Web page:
People of Color have a long way to go when it comes to ending the stigma associated with mental illnesses within the Black community. When was the last time you had a conversation with friends and family about mental health? Research done by the Substances and Mental Health Services Administration revealed that 18.6% of African-Americans suffer from at least one mental illness, translating to over 6 million African-American adults.
However, within the Black community there are several obstacles to acknowledging the existence and severity of mental illnesses. Mental health is not a common topic of discussion in African American households. Most notably in Black Christian households, the symptoms of mental illnesses are often reduced to issues that can be handled with prayer alone. Seeking the guidance of a counselor or considering the use of medication is often discouraged due to the fear of looking “crazy.”
Suffering in Silence Should Never be an Option
Several symptoms of mental illnesses can be easily disguised as normal reactions to the trials of life. For example, until I studied mental health in nursing school, I didn’t realize that most of my family members suffered from anxiety. What I brushed off as my family’s obsession with punctuality was actually a manifestation of their anxiety about being late.
I also didn’t realize that what I classified as a period of struggling with self-esteem in high school was actually my first major depressive episode. For years, I successfully buried the memories of intense hopelessness, despair, and my attempts to escape reality. I shrugged it off as nothing more than a phase. Alarmingly, “half of all chronic mental illness begins by age 14; three-quarters by age 24” according to the National Alliance on Mental Health (NAMI).
Besides the fear of “looking crazy” in the black community, mental health is swept under the rug due to the lack of representation in treatment.
Finding counselors, therapists and psychiatrists of Color isn’t an easy task. The American Psychological Association (APA) released their 2016 member profile back in April 2017 which showcases the demographic and educational characteristics of its members. That collection of data revealed that less than 2 percent of the APA’s members are African-American.
Having mental health care practitioners that Black people can relate to is vital and would ease some of the worries about seeking treatment for mental illnesses in the Black community.
Fonda Bryant, an African American blogger for NAMI, wrote about the Black perspective of seeking help for mental illnesses in her blog post entitled “You Can’t “Pray Away” a Mental Condition”.
“Getting help for a mental health condition in my culture’s eyes is a sign of weakness, a personal flaw—not a legitimate, clinical condition. In fact, 63% of African-Americans believe that a mental health condition is a personal sign of weakness. To be honest, I believe that number is higher. I know when I walked into that mental hospital 22 years ago, I thought it was going to be everything I’d seen on TV and heard my mom talk about. It was neither. As bad as that day was, it was the beginning of me becoming educated about mental health—which was important not just for me, but for my culture and society as a whole.”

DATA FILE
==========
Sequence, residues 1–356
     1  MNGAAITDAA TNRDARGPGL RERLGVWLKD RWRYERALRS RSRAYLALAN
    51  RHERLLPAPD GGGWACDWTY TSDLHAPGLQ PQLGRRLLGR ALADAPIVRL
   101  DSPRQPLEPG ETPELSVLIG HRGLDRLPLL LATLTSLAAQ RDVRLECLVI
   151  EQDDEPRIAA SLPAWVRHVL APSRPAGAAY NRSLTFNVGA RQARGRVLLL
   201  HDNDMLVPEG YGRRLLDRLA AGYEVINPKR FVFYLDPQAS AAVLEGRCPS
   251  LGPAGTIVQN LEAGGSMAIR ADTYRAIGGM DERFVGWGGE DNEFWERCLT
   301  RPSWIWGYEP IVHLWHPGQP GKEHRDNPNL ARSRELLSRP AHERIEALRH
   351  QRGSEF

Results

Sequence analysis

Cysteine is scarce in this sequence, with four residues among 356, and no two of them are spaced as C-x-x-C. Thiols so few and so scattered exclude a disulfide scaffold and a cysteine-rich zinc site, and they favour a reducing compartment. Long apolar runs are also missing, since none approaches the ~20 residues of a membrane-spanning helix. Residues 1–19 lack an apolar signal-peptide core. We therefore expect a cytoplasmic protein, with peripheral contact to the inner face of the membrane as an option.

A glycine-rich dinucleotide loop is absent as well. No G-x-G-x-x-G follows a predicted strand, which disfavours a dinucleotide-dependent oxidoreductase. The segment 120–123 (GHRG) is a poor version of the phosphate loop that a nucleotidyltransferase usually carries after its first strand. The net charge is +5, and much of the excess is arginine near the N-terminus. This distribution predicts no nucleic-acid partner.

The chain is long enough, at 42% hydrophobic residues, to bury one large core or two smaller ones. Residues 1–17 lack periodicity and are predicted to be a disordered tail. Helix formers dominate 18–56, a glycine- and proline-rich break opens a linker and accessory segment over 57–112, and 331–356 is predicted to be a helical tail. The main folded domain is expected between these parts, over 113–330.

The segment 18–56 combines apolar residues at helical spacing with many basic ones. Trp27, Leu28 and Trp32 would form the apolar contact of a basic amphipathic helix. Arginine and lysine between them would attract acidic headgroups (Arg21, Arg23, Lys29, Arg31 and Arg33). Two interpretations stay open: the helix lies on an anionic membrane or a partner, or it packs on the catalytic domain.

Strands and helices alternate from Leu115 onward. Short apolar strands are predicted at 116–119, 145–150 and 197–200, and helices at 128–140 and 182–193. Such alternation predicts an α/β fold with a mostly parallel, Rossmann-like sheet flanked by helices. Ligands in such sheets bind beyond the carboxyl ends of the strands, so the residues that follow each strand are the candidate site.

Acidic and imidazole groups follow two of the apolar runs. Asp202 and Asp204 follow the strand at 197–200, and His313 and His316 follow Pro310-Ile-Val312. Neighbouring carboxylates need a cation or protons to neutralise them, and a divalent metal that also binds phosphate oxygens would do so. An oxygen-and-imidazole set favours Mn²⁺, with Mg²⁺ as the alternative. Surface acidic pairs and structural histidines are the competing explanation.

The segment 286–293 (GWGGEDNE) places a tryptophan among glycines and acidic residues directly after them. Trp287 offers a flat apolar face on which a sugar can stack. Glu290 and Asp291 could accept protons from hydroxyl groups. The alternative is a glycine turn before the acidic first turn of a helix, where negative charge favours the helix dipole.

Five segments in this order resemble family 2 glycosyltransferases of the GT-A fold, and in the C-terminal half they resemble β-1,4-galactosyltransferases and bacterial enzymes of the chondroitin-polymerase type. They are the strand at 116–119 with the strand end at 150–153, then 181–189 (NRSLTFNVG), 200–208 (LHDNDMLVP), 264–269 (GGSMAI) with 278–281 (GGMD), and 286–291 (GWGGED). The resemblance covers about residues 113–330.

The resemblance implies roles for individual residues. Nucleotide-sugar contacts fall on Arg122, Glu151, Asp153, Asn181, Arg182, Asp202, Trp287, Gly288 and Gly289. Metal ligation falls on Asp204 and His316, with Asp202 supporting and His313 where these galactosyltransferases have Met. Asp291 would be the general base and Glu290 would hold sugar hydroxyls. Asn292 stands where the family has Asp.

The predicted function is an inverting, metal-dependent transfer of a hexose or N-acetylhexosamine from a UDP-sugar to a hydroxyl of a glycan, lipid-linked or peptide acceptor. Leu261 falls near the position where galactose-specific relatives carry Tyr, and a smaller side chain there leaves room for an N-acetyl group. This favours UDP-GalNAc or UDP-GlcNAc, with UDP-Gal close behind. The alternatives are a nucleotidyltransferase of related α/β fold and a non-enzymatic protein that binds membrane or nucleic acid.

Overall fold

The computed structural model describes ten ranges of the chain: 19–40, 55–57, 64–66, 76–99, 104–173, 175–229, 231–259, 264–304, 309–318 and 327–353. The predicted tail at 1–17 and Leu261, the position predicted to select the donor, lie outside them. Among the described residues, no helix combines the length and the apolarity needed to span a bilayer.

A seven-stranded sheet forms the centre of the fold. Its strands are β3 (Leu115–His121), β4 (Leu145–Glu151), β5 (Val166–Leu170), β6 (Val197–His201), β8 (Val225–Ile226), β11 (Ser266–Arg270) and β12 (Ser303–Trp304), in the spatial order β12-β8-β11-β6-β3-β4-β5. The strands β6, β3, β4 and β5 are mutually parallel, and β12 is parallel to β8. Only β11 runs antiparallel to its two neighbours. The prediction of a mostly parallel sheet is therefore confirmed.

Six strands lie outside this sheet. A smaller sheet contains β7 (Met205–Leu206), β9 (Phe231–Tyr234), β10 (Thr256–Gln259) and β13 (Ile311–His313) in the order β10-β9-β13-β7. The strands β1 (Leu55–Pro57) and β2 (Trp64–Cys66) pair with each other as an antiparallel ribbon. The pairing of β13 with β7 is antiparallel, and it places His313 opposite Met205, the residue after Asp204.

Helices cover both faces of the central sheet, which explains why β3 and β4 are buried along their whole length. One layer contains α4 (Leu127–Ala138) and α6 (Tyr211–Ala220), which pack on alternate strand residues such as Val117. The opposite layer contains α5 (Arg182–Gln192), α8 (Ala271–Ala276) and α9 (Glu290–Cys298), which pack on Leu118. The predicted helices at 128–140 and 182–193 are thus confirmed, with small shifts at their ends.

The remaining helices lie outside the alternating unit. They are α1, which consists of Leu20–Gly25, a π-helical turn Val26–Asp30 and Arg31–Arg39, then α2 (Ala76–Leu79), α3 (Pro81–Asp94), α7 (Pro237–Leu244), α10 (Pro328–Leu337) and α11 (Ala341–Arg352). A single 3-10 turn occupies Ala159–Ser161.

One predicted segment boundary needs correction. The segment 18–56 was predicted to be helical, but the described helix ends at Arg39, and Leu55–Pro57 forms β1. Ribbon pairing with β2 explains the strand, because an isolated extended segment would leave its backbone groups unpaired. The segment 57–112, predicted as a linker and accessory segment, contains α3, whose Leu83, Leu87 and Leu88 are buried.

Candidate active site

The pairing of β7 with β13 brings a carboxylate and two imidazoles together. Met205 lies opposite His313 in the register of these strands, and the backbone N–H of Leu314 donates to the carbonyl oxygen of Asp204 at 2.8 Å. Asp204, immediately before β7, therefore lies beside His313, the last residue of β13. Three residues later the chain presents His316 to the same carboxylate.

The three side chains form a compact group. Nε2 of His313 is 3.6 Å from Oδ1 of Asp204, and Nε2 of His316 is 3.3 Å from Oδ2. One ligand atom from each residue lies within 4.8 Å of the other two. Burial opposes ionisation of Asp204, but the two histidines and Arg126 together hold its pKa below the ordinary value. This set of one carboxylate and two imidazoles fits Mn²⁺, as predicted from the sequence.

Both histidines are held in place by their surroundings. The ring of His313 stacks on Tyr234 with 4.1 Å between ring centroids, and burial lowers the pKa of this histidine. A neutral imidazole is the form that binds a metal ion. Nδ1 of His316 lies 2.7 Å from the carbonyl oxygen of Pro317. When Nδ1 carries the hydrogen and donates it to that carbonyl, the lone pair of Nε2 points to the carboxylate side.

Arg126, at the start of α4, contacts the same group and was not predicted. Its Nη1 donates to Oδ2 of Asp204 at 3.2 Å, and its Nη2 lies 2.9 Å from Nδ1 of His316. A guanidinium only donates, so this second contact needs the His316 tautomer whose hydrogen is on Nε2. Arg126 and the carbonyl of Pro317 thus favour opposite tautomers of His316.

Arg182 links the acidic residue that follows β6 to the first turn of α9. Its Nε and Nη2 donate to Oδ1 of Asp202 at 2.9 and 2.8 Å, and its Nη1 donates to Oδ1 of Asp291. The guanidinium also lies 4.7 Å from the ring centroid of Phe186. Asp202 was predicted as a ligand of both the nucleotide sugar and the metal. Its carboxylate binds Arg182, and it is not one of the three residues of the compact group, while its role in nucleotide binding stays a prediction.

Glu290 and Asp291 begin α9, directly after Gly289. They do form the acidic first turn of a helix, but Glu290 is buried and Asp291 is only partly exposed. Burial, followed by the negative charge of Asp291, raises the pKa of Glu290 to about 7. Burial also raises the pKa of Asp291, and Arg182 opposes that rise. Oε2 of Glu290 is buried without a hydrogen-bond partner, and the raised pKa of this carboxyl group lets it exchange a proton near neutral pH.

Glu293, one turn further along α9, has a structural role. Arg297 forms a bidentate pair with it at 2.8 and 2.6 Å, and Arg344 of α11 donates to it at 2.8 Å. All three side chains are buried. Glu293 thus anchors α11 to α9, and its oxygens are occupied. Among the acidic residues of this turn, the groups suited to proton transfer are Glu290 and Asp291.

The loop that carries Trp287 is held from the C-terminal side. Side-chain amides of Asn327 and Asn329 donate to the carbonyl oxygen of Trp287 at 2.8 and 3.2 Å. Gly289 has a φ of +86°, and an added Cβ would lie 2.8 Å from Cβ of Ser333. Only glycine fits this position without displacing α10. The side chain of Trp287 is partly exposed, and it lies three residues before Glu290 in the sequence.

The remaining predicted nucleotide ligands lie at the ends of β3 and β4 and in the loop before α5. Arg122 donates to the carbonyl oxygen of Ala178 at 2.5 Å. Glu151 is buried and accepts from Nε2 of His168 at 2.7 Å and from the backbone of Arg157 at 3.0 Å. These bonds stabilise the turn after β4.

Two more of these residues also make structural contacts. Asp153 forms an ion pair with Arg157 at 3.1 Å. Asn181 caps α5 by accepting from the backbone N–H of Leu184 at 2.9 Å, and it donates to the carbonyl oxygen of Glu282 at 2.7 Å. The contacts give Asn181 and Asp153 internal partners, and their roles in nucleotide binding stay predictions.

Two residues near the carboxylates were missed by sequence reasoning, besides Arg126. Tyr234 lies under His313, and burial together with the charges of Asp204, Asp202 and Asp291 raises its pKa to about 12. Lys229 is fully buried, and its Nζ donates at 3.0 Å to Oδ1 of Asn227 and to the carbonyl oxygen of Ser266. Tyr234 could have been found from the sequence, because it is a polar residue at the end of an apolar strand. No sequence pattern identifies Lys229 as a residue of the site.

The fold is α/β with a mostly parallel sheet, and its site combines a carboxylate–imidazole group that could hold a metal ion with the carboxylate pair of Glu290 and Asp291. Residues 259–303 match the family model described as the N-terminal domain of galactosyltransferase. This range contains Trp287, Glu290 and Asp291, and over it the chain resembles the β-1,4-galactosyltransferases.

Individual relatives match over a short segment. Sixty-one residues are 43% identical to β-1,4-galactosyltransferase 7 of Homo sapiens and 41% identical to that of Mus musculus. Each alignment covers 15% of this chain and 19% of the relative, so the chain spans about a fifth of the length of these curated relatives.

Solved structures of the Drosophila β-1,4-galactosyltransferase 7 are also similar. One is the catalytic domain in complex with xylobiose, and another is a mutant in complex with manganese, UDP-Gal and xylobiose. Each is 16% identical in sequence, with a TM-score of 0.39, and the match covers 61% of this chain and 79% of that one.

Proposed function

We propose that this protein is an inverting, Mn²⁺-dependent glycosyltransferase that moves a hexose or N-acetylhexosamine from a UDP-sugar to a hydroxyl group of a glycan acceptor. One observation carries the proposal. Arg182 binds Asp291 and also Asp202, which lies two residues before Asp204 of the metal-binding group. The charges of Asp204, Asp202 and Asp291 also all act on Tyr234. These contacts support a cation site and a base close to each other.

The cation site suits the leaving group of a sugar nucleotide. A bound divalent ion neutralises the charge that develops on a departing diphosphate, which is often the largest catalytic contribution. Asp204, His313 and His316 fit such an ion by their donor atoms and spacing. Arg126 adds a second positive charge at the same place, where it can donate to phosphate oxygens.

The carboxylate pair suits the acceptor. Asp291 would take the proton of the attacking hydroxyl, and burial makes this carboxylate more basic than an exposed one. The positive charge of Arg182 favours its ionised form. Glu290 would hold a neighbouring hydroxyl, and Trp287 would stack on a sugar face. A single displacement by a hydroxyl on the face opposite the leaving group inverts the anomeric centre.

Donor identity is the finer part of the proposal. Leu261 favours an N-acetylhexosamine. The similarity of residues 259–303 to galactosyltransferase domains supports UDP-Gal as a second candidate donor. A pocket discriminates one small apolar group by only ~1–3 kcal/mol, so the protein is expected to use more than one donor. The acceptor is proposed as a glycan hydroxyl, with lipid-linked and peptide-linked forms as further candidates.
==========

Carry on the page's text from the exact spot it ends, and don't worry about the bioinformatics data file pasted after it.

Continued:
So, what can you do.
1. Educate yourself about the symptoms.
You’ve probably encountered someone who struggled with anxiety, depression, bipolar disorder, or PTSD and had no idea. While it’s true that mental illnesses can manifest in different ways depending on the person, there are some symptoms that should raise red flags like prolonged periods of not eating, sleeping, and disinterest in what was once their favorite activities. Learn more about what to look for here.
2. Be willing to have a discussion with your friends and family.
Ending the stigma begins with open communication. Ask your family and friends how they are doing. Be willing to listen if they open up to you about their struggles. One of the best ways to support your loved ones is to remind them that their emotional and mental health is just as important as their physical health.
3. Share the available resources with your friends and family.
While there are some obstacles to professional treatment such as cost and lack of diversity among mental health providers, we do have access to free and low-cost resources such as the NAMI Helpline. We share memes, photos, and stories with friends and family almost every day. Surely, we can share meaningful resources that might save a life.
If we ever hope to end the stigma and prevent the loss of life, the impact of mental illnesses within the Black community shouldn’t be ignored. We are not powerless in the fight for mental health awareness. We must simply be willing to join and acknowledge the fight.
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